on August 20, 2011
I have been spending the last few months buying a couple of treasury collections of my fave comic strip books such as Peanuts and Calvin and Hobbes. While I was at Barnes and Noble a few days ago, I found this little gem for 9.99. I have actually been waiting for such a book for quite some time because I love Archie.
If you are like me, you probably don't want to fork up the money to buy the various Archie, Betty and Veronica, and Jughead comic books each month. And while there is now an app on iTunes that enables you to buy some of the digests for .99 to a 1.99 and even free to read on your ipod, its still at times hard to justify.
But when I saw this, who could resist. The Best of Archie Comics brings 70 years worth of short story comic books about Archie and the gang. It is categorized by decade with a brief description of the culture of that decade. It also contains descriptions of each story (2 on each page)and it even includes samples of the comic strip series (which itself has its own collection book somewhere on Amazon). It also includes the the Archie comics when they were little kids!
Another great thing about this book is that it includes other stories about other characters you would often see in the digests such as Sabrina, Josie and the Pussycats, and even forgotten ones such as Super Duck, Ginger, and Wilbur.
This is a great book and I am enjoying it immensely! Its great seeing the evolution of the comic digest and how it is revamped to match our current decade. I definitely would recommend this book to anyone that has ever been curious about Archie's long run and how much it has changed, or if they simply would like to have a collection of some of the best work.
The only downside to this book is that it couldn't cover everything. It is even mentioned in the welcome page that they had to restrict the stories to ones that are short because of page length (but you still get 400 pages worth of stories so don't fret!).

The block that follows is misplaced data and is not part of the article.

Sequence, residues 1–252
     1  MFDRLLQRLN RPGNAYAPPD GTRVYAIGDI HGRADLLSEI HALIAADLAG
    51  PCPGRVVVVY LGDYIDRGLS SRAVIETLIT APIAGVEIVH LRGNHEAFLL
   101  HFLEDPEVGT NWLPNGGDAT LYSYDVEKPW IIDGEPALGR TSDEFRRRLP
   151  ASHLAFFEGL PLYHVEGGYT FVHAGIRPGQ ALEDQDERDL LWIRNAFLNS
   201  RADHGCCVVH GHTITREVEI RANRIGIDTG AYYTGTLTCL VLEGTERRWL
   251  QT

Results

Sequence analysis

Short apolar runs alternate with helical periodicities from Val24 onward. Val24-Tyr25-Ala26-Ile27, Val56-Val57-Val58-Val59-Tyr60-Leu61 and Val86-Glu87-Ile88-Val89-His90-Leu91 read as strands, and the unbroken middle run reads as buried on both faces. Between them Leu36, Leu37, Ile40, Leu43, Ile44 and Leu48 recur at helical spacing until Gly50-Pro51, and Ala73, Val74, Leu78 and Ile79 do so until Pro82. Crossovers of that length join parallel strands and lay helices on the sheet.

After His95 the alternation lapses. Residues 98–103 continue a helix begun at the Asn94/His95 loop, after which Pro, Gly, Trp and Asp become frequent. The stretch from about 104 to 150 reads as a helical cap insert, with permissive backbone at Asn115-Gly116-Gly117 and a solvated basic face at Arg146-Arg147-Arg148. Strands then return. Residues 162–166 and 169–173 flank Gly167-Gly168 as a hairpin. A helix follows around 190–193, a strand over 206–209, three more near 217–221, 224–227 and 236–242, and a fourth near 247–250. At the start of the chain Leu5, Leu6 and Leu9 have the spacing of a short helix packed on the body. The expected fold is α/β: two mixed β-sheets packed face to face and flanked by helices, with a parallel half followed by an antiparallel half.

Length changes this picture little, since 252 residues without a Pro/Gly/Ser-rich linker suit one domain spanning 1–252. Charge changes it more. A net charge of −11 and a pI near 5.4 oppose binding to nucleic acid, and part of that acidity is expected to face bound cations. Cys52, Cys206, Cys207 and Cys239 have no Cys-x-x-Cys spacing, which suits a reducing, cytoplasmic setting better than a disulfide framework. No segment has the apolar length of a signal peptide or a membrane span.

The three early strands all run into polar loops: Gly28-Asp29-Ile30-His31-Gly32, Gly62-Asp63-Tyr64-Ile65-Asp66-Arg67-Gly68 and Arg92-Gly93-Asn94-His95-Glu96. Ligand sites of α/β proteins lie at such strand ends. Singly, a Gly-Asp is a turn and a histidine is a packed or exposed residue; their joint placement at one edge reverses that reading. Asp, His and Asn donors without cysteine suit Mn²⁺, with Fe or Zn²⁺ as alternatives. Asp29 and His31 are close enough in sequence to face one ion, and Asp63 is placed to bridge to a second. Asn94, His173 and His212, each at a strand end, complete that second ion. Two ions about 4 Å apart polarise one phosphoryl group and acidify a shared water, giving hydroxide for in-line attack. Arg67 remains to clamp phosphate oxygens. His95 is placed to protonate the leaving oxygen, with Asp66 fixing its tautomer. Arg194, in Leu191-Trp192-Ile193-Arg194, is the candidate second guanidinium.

Hopefully we'll see other comic strips and books that are as old as Archie come out with a best of collection too (I am talking to you Blondie).
on October 3, 2011
WOW. I have been a fan of Archie comics for over 20 years, and this collection really has it all. People from Archie Comics history chose their face stories by decade, and there are some true gems here. I loved seeing notes on how Archie influenced notable writers like Stephen King and Stan Lee. I also loved the early stories because it is fun to see how much the gang has changed...and stayed the same since the 40s. Plenty of amazing artwork and countless laughs abound in this volume. I agree that most people do not pay for monthly comics, but boy, they should. Archie and friends never let readers down. They are always clean cut, funny, sweet, and socially relevant. Pick this book up today. It is well worth the cost. I am hoping they release a best of volume 2 because this was so well done...I want more!!!!!!!
on August 19, 2011
Too many "Best of..." collections throw together a random assortment of stories with no justification for why they were chosen. THE BEST OF ARCHIE COMICS is NOT one of those collections; in fact, it goes above and beyond with an informative foreword, an explanation of the publisher's intent, and brief intros that for the most part, were written specifically for each story. This 416-page full-color digest is a treasure trove pulled from Archie's 70+ years of publication: comics, strips, gags, and even pin-ups. Picked by Archie Comics staff and historians, and well as fans, the selection gives a good overview of what was happening with the Riverdale gang from the '40s up to today, as well as reflecting the changing American culture. Featured creators include Vic Bloom, Bob Montana, Dan DeCarlo, Bob Bolling, Harry Lucey, Sam Schwartz, Stan Goldberg, Dan Parent, and more. The writing and art styles are much more varied than I expected, for while many of these stories spring from a standard mold, they each have their own little quirks - for example, there's an impressive but very dark Little Archie story that looks as if Bolling were emulating Will Eisner. The selection runs up into the present day with some attention-grabbing stories that have attracted a new generation of readers.
The title of the book is somewhat misleading, as it includes some non-Archie material. The intro states that the stories were pulled from various Archie Comics humor titles, so the publisher included other MLJ characters such as Wilbur Wilkins, Ginger Snapp, Super Duck, Katy Keene, L'il Jinx, Sabrina the Teenage Witch, and Josie & The Pussycats. It's not a big deal, as most of them are very similar to Archie and his pals, but they could easily receive their own collections, thereby freeing up space exclusively for the Riverdale gang (in fact, I'm very excited over the publisher's mention of saving other characters, such as The Fly, for future collections).
While I am all for digests, 400 pages pushes the limit of the format, as the binding on the book is VERY tight. I had to be extra careful to not crease the spine when trying to view the inside page edges, but for this price, you could buy two of them and just use one for a reading copy. If you're put off by the expensive hardcover reprints from Dark Horse and IDW, check out the inexpensive digests from Archie Comics. Simply put, THE BEST OF ARCHIE COMICS is also "The Best" deal of the year!
on July 9, 2014